Twitter allows supplicants to place a prayer at Jerusalem’s Western Wall without leaving home

Thursday, July 23, 2009

New service lets Jews tweet a prayer to God

JERUSALEM — For centuries, people have stuffed prayers written on scraps of paper into the ancient cracks in the Western Wall in the Old City of Jerusalem. In recent years they could fax or e-mail their prayers — and now they can tweet them, too.

The Western Wall now has its own address on the social networking service, Twitter, allowing believers around the globe to have their prayers placed between its 2,000 year-old-stones without leaving their armchairs.

The service’s founder, Alon Nil, says petitioners can tweet their prayers, and they will be printed out and taken to the wall, where they will join the thousands of handwritten notes placed by visitors who believe their requests will find a shortcut to God by being deposited there.

The 25-year-old economist started the Twitter page three weeks ago and has already received hundreds of prayers.

“It all started a while after the riots in Iran, and I realized the potential of Twitter,” Nil said. “There are an infinite number of uses for Twitter, and I thought ‘What can I do that is new and creative and might benefit the people of Israel?’”

When the Iran government shut down traditional media following the June elections and the ensuing violent demonstrations, Iranians used Twitter to share information and photos with the outside world.

Nil monitors Twitter as a hobby, but he hopes his small operation can help bring people around the world together.

“You name the country, I’ve gotten prayers from them,” he said. “I hope in some way that by tweeting their prayers, these people are helping themselves somehow. Once you figure out what you want, in 140 characters or less, you can start to take action.”

Most of the prayers are sent to Twitter in private messages, but Nil encourages his followers to make their tweets public. Only a few, like one identified only as Yonatan, have chosen to do so.

“Praise Hashem for everything he has done for me, may he bless all my endeavors and guide me to wisdom and truth,” he tweeted on Wednesday, using a Hebrew synonym for God.

The wall, in Jerusalem’s Old City, is all that remains of the compound where the biblical temples stood. King Solomon’s temple was destroyed by invading Babylonians in 586 B.C. and the second temple, built on the same site, was destroyed by the Romans in 70 A.D.

No charge is made for placing a prayer at the wall. Visitors to Twitter’s companion Web site, tweet Your Prayers, are invited to make donations by credit card. The site has sponsored links to an outdoor reception hall on the nearby Mount of Olives and a publisher of custom-made prayer books.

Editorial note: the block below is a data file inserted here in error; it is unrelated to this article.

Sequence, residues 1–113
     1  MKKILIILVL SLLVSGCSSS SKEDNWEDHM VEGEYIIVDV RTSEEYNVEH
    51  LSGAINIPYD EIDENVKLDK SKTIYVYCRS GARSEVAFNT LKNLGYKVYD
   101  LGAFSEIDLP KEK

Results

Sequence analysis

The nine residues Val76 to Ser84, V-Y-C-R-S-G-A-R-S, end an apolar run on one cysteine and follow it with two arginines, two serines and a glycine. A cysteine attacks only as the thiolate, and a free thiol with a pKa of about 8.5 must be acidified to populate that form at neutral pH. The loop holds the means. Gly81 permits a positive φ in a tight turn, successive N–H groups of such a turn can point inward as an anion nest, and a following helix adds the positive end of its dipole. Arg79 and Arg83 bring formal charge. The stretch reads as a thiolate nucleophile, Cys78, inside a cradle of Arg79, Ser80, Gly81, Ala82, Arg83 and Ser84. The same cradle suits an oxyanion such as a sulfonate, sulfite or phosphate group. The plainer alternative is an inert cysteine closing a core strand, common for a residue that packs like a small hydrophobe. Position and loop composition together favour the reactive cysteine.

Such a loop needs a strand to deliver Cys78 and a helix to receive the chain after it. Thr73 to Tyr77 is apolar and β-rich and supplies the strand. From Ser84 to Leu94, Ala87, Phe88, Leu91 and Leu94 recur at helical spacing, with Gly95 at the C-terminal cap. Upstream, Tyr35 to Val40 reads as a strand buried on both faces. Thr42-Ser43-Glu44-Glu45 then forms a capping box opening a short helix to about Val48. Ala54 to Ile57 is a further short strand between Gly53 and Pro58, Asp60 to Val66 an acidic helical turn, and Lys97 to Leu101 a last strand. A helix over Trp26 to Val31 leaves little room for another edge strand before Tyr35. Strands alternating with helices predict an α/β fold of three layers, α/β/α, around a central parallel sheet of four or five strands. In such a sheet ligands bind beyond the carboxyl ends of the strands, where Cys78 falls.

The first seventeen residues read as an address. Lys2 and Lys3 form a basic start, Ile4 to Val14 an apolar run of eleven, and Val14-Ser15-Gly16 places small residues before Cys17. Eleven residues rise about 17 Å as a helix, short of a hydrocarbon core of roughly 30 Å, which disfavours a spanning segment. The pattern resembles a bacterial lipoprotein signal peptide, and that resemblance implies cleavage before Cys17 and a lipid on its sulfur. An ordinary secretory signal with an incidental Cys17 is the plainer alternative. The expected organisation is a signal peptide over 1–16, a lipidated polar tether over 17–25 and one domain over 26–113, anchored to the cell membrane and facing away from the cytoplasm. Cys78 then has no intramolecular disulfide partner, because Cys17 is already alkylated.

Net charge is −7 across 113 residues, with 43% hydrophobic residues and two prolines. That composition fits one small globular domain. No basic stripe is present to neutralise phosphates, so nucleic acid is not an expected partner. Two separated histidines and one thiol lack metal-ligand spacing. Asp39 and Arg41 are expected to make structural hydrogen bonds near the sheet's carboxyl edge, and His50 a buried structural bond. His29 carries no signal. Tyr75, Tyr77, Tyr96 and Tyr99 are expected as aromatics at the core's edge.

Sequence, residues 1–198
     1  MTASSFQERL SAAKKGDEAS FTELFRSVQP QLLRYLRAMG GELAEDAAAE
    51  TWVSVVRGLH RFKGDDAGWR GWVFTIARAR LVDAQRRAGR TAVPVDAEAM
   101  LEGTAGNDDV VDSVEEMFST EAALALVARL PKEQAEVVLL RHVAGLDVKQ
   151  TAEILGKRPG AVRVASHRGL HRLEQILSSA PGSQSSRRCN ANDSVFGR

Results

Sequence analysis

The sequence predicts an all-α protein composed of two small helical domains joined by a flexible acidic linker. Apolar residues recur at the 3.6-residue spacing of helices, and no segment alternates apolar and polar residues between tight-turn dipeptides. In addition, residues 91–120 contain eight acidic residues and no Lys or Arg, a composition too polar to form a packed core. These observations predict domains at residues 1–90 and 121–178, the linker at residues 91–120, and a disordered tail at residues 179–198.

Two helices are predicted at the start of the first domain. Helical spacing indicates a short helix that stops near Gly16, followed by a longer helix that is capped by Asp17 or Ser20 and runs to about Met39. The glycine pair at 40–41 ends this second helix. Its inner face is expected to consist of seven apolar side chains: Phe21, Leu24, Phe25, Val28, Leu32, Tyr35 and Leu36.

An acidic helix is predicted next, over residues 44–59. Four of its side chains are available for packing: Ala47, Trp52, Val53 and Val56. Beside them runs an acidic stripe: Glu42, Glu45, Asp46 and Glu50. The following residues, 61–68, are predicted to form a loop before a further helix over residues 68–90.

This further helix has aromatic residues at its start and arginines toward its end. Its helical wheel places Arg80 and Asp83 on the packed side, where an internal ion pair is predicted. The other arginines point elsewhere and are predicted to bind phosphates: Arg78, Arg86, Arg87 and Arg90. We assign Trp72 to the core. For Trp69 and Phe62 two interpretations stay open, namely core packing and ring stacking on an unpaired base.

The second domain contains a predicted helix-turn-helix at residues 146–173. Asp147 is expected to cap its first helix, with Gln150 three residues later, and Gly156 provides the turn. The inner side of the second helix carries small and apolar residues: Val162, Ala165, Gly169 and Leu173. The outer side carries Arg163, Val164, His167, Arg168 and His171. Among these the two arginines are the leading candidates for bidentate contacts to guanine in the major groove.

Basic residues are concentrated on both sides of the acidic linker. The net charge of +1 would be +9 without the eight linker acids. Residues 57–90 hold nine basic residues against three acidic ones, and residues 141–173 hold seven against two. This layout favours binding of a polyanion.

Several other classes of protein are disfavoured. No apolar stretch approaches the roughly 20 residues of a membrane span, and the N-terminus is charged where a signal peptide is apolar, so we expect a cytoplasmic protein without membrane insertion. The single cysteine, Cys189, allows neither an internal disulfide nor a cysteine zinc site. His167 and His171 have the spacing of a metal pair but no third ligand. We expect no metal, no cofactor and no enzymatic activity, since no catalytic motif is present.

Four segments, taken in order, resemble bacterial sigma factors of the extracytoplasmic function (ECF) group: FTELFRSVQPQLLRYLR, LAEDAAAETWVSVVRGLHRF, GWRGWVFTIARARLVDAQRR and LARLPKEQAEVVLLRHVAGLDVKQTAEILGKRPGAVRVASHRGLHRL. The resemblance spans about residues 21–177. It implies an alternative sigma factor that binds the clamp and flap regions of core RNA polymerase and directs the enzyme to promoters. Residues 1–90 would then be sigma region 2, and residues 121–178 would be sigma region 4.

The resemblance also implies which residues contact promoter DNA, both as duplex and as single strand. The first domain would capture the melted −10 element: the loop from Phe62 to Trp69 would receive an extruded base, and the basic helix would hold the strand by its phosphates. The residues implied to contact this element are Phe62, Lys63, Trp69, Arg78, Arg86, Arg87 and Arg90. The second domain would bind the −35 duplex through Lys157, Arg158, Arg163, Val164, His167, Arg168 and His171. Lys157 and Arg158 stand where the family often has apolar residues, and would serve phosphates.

Throughout the ages, Jews have prayed at the Western Wall, and many others have made courtesy calls.

Recent VIP visitors include Pope Benedict XVI, Barack Obama when he was a U.S. presidential candidate and film star Leonardo DiCaprio, whose bodyguards were arrested for allegedly assaulting three photographers during a scuffle at the site.

For several years, the Western Wall Heritage Foundation has operated a fax hot line and a Web site where people overseas can send their prayers and have them printed out and placed in the wall’s crevices.

Twice a year, at Passover in the spring and the Jewish New year in the fall, the wall’s rabbi clears out the accumulated notes, which are buried in accordance with Jewish custom, which forbids the destruction of writings that mention God, such as worn or damaged Torah scrolls, prayer books and other religious articles.

Nil wasn’t prepared for the overwhelming interest in his venture. On Thursday night, he had more than 1,000 unread messages.

“I’m swamped. I can’t keep up with all the tweets,” he said. “It started as a hobby, and I can’t keep maintaining it by myself. But I’m determined to not lose even one prayer.”

Nil said he hopes to find sponsorship to pay someone to help with the site or to pay for a programming service that will automatically print out the prayers.

Associated Press Writer Jen Thomas contributed to this report from Jerusalem.

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